Robert Lee

4. Bridging Structures, Linkage to Status-Power and Cognitive Social Capital

Abstract
This chapter reemphasises that bridging ties are vertical, upward, authoritative, heterogeneous and more formalised arrangements, which is actually akin to what Weber conceptualised as (Vergesellschaftung, Macht, Herrschaft, Zweckrational) and what contemporary sociologists label as status cues. Then it stresses that bridging structures correspond to high status and power configurations. Moreover, this chapter explains the idea that influential bridges exhibit status cues, derive power and influence entrepreneurial newcomers’ cognition and everyday communication. Communication accommodation theory is fused to postulate on how entrepreneurial newcomers both cognitively converge (upward) with and cognitively diverge (downward) from high status and powerful bridges. Thus, I suggest that entrepreneurial newcomers’ successfully negotiating status and power differentials in bridging structures depends on two features of communication accommodation: cognitive convergence and cognitive divergence.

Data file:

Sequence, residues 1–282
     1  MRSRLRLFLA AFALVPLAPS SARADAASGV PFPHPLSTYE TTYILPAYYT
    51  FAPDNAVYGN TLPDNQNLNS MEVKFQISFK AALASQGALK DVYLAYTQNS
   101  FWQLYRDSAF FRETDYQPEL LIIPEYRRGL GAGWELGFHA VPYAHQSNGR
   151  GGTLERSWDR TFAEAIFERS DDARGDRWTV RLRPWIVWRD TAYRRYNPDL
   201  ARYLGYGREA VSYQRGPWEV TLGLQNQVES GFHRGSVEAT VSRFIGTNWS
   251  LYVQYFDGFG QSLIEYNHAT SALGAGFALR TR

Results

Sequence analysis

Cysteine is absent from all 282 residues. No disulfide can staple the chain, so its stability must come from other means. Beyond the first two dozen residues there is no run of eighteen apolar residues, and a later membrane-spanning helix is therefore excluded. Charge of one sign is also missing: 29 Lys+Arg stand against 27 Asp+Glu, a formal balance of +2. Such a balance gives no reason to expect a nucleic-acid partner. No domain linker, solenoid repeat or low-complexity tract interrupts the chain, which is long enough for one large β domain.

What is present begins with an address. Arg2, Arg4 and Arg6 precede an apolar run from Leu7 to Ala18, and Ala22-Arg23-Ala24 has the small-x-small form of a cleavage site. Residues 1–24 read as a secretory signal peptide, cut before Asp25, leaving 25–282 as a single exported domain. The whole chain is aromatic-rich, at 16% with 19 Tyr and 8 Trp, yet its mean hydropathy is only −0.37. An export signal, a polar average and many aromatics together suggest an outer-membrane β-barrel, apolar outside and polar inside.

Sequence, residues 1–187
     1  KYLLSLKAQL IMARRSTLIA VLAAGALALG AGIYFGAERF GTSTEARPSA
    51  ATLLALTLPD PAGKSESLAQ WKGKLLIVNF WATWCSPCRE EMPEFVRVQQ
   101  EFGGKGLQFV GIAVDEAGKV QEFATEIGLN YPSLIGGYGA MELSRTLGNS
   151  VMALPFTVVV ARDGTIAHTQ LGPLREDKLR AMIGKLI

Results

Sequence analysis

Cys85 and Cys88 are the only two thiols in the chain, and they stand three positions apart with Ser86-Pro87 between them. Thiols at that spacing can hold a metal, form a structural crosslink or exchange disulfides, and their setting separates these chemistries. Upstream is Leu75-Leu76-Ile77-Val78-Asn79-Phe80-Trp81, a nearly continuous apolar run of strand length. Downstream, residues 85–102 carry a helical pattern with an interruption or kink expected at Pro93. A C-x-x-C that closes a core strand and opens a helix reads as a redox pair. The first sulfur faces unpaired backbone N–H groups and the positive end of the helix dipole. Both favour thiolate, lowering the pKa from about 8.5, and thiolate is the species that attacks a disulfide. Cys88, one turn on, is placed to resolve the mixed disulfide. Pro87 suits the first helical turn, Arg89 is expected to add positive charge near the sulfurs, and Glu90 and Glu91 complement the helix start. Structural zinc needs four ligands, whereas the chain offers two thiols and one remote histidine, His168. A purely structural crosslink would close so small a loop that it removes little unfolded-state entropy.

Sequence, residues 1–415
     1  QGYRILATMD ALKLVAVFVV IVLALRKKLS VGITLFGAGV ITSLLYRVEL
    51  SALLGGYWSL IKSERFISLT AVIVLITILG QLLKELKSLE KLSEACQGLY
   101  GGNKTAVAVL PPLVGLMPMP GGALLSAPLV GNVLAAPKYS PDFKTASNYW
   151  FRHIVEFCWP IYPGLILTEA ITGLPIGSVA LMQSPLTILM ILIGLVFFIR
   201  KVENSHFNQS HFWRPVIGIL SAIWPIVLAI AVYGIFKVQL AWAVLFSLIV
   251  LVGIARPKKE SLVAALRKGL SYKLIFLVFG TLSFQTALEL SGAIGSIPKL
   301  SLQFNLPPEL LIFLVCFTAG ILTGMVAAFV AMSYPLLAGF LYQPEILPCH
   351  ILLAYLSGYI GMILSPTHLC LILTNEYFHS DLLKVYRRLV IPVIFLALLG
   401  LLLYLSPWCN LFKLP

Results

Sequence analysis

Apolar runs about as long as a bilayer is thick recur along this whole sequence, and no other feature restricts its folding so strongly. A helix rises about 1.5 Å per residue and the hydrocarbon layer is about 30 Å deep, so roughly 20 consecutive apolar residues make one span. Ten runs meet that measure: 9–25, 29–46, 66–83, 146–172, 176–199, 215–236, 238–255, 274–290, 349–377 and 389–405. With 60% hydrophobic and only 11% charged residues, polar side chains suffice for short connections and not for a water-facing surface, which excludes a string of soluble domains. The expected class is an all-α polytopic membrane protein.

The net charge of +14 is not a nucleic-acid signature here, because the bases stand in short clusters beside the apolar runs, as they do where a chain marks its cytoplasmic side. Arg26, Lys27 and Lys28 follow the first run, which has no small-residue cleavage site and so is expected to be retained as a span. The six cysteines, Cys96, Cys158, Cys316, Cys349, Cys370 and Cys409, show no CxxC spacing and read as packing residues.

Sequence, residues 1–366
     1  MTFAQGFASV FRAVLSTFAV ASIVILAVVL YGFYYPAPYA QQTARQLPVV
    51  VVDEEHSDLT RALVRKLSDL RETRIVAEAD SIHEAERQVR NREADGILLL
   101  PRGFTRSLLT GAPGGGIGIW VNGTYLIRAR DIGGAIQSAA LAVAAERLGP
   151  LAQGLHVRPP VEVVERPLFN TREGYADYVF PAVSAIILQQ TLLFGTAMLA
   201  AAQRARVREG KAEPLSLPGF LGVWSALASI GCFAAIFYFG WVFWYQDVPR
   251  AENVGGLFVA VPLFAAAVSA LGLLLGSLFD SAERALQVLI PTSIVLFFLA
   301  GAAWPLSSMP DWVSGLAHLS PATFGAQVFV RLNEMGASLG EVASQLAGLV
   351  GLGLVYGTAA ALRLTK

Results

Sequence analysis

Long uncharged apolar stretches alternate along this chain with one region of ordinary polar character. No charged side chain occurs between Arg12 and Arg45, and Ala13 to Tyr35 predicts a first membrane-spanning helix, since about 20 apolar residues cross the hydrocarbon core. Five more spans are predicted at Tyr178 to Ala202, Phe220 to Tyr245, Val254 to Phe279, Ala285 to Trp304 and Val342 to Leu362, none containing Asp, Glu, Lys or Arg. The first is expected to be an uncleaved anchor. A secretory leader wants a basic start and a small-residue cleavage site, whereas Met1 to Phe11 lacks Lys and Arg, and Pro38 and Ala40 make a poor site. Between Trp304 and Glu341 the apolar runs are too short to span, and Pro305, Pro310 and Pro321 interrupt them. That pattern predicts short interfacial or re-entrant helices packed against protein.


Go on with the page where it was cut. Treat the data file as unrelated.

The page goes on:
Robert Lee

Results

Frontmatter

5. Entrepreneurial Newcomers: Bridging Structures and Issues of Status and Power

Abstract
This chapter presents research findings from in-depth interview data in the form of narrative analysis, illustrative quotations, undirected triadic network graphs and signed status graphs. The data demonstrates that technical-professional entrepreneurial newcomers depend on direct interaction with bridging ties to overcome the liabilities of newness and lack of resources. This is because bridging ties reflect high worth and status cues such as esteemed reputation, authority, titles, expertise, experience and resource ownership. In addition, the data shows that bridging ties are ideal brokers and span structural holes, because of their reputation advantages and social standing. Structural holes and brokerage are a more complex and divergent bridging behaviour that gives rise to power benefits for the broker. Furthermore, the data demonstrates that influential and powerful bridges can coerce and constrain.
Robert Lee